To imagine what the cloud offers, take into consideration when a customer looks for past transactional data on a mobile device. If operating through an older system, then the bank won’t allow a customer to see beyond a few months’ worth of information. A legacy system would choke if a large number of customers looked for past transactions all at the same time.
“Fundamentally, there’s not much difference between transactional data and, say, a Twitter stream,” says Thought Machine Chief Marketing Officer Travers Clarke-Walker. He says when using a cloud-based solution, such as the one Thought Machine developed through its Vault system, customer data becomes easily accessible in real-time, similar to looking at your past posts on Twitter. Thought Machine is currently working with a number of banks to get Vault live to customers, which is expected to occur this year.
The problem with many old core systems is they can’t be upgraded effectively. So if you want to quickly add a new feature, like a mobile loan tool, then you might have to build the tool, instead of linking to a third party capability through an application programming interface (API). “Old solutions do deliver business value, similar to an old red wine,” says Hoppermann. “Again, similar to a red wine, if you use them for too long of a period, [the value] is suddenly zero.”
Another upstart cloud core system provider, Nymbus, has a solution where an organization can use Nymbus’s system to operate a digital-only bank. This can allow a small bank to have digital operations, via the flexibility of the cloud, without upgrading its own core system. You can then choose different services that would connect to the system using APIs. For those directors and officers nervous about how such a digital bank would operate, there’s even an option to brand it separately from the core bank, reducing the impact of a public relations snafu. “It’s really a bank in a box,” says Christopher George, senior vice president of client strategies at Nymbus, who has a number of banks transitioning to its platform, including the $100 million asset Surety Bank based out of Deland, FL.
These types of solutions can dramatically reduce the time it takes to upgrade the systems to less than a year, from planning to launch.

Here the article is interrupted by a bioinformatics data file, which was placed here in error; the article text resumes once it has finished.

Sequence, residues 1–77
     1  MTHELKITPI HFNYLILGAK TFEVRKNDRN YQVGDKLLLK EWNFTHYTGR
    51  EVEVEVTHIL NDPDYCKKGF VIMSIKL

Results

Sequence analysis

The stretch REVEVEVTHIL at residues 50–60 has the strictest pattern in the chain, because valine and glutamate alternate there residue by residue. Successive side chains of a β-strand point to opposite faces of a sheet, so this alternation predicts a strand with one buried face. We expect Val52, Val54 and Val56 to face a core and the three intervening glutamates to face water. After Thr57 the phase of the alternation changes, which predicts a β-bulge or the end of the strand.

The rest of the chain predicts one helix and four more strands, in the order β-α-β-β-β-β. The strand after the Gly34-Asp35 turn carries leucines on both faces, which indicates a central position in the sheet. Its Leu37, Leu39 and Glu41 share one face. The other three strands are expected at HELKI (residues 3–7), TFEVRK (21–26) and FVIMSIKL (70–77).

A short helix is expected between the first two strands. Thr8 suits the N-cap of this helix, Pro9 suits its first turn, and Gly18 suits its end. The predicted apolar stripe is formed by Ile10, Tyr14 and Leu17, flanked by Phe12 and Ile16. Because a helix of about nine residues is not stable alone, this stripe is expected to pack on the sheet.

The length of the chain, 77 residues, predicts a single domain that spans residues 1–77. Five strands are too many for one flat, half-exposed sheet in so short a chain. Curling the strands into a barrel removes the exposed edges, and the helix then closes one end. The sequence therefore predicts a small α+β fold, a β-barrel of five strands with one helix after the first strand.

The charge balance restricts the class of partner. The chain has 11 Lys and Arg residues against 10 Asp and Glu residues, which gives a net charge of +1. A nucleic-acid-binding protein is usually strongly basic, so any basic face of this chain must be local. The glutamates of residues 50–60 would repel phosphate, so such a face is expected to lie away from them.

But there are obvious hesitations from directors. Small banks, in particular, tend to outsource cloud services, which can be stored in the public cloud from a service like AWS, or on servers dedicated specifically to the bank known as the private cloud. Larger banks tend to have the resources for a private cloud, which has the reputation for security, even if the public cloud’s popularity and widespread use has began to ease banks’ hesitation.
There’s also a regulatory concern since regulators haven’t kept up with the changing technology in the fintech space. This brings in compliance questions around security, confidentiality and access to the cloud data. In a survey of bank technologists from Forrester, 26 percent were also worried about the technology’s maturity, indicating that some options weren’t dynamic enough just yet.
But as the cost of legacy systems rise, PwC estimates that moving to the cloud would free up a combined $58 billion in IT spending (in total) from banks with $1 billion or more in assets. For smaller banks—without a dedicated innovation arm—it becomes an attractive way to upgrade without hiring an entirely new technology team.
If you need a strategy for imagining how it could work, take the case of CBW. Since a bank account is simply a number, CBW used customers’ account numbers as the “center of the universe” within its system, says Ramamurthi. A customer can define what they use at the bank, whether it’s regular depositing, a need for a loan, or a more advanced solution. The system can adjust its offerings based on the requirements that the customer says it needs. If assets grow faster than expected, as more loans or accounts come through, the back-end can scale with that increase, while also providing the proper restraints for compliance purposes.
It’s nimble banking, not just for the customers, but for the business as well